Here at Girl Museum, we’re interested in girls of all ages, from all generations, and from all places (you might know that already). Well, Rebecca Price over at Chick History¬†feels much the same. She created Chick History to explore and share the stories of women throughout history, “to find new and interesting ways to tell the stories of women’s roles and contributions to history; always overlooked, often watered-down, and sometimes all-together edited out.”
Over the course of this year, Chick History is telling the stories of 52 women through the podcast #HerStory. #HerStory is a project for 2012 in which each week, a contemporary woman shares the story of a historical woman who inspires her. Hear elected officials, academics, mothers, filmmakers, authors, activists, CEO’s, and more provide a snapshot of these women’s lives, from the headliners to the lesser-known gems.
As Rebecca says, “Chick History is a place to come together and (re)learn about all the cool things chicks have done that, like the dishes, otherwise might go unnoticed.”
We’re all for leaving the dishes undone ourselves, so instead of doing the washing up, visit #HerStory and listen to contemporary women tell the stories of the historical women who have inspired them. On this week’s podcast, listen to our own Head Girl, Ashley E. Remer, talk about one of her heroines, sculptor Augusta Savage.
Augusta Savage with her sculpture Realization (1938)
Photograph by Andrew Herman
Archives of American Art, Smithsonian Institution
Augusta Savage was born in Florida in 1892 and, despite her father’s wishes–he was a preacher who interpreted the concept of graven images literally–began sculpting in clay at a young age. She persevered, however, and her father relented after seeing a sculpture she made of the Virgin Mary. Wanting to pursue sculpting professionally, Savage ultimately moved to New York, where she studied art at Cooper Union and was chosen to participate in a summer program in France. She was rejected by the judging panel, however, because she was black. Though she publicized the incident their decision was not reversed. The one committee member who did support her, Hermon Atkins MacNeil, invited Savage to study with him.
Over the years, Augusta Savage continued to fight for equal rights and became one of the luminaries of the Harlem Renaissance. The social and political causes she espoused brought about the realization of many opportunities for black artists and the Harlem community at large. She was adored in the Harlem community both as a talented artist and dedicated teacher, selflessly ignoring her own work to mentor gifted children. She was appointed director of the Harlem Community Arts Center, an institution founded by the Works Progress Administration (WPA). From this position, she highlighted racial bias in the hiring practices of the WPA, and successfully gained the inclusion of black artists in WPA projects.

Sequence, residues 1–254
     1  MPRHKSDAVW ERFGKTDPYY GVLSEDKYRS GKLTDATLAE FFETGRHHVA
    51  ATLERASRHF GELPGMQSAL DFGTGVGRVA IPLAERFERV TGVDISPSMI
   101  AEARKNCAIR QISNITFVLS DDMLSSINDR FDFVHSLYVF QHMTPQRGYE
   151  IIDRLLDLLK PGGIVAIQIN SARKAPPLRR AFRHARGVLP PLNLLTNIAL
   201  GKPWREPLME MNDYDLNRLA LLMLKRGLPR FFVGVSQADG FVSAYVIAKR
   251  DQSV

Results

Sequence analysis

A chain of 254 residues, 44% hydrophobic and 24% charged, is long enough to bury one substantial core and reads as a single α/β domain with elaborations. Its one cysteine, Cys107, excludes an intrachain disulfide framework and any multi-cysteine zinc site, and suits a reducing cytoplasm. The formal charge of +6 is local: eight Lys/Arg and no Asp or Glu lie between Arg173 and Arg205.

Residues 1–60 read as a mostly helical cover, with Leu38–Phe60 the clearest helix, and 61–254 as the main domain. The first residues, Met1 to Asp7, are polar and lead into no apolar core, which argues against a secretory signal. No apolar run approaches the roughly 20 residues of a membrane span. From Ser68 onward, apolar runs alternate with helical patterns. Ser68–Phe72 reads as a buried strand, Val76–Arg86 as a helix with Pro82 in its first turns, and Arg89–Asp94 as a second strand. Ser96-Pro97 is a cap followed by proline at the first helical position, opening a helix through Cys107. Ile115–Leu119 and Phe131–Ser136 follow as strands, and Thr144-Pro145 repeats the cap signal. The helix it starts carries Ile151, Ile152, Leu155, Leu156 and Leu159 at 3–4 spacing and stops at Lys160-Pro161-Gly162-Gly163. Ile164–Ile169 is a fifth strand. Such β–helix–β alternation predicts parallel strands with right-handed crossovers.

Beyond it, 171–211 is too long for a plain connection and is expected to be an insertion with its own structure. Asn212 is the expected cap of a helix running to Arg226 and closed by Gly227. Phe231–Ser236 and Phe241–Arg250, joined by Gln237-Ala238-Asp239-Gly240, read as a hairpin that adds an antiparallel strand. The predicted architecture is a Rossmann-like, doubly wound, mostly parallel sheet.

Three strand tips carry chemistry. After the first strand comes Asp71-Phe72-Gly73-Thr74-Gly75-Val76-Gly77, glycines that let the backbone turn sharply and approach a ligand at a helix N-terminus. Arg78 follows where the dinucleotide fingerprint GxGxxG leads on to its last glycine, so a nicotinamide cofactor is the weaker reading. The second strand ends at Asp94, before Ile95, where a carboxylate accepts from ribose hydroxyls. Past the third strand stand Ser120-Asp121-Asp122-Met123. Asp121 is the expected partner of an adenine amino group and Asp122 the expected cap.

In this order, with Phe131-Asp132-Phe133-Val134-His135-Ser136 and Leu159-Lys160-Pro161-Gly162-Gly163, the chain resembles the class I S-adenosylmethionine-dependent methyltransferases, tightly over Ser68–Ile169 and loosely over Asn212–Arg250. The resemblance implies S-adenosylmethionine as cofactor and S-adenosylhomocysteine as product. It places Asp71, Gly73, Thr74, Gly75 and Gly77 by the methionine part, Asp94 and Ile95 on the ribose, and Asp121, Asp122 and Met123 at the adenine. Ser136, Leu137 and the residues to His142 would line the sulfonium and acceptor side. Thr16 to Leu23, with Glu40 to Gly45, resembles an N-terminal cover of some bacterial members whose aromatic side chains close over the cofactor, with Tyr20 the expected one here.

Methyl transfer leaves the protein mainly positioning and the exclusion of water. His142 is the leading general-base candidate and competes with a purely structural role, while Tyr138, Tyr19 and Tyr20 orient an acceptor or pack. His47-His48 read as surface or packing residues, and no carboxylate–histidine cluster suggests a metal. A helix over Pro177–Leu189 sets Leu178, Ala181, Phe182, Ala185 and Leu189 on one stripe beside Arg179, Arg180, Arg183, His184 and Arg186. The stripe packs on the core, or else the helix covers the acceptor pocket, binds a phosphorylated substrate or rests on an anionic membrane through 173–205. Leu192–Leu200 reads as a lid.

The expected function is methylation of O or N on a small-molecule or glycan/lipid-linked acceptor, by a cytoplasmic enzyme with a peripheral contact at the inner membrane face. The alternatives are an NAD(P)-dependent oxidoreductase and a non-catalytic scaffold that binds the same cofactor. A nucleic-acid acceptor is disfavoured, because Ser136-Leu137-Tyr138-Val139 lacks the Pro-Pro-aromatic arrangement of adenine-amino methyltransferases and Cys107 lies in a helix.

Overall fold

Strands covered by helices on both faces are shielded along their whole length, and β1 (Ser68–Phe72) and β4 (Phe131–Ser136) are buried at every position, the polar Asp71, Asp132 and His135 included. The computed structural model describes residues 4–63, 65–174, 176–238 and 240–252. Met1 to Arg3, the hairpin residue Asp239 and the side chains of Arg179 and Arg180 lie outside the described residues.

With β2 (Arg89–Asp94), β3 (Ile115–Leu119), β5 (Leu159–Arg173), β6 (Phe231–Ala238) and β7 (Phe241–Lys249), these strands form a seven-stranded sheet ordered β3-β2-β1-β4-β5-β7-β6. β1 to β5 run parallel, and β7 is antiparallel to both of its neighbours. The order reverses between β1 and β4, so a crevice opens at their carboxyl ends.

Augusta Savage’s¬†Gamin¬†(1929)
Smithsonian American Art Museum
Gift of Benjamin and Olya Margolin
Though she sculpted busts of leading black figures like W.E.B. Du Bois and Marcus Garvey, one of her most famous works is Gamin, on display at the Smithsonian American Art Museum. Unfortunately, most of Augusta Savage’s works are not available as they were never cast in durable materials (bronze was expensive) and they were either lost or destroyed. This includes one of her major works, The Harp (originally titled Lift Every Voice and Sing, after the¬†James Weldon and Rosamund Johnson song of the same name), which was commissioned for the 1939 New York World’s Fair.
Augusta Savage’s¬†Lift Every Voice and Sing¬†(1939)
Photograph by Carl Van Vechten
James Weldon Johnson Papers
For more information on Augusta Savage and to view more of her work, visit the following links:
Visit Chick History‘s #HerStory blog and podcast here, or¬†subscribe to the podcast via RSS or iTunes here.

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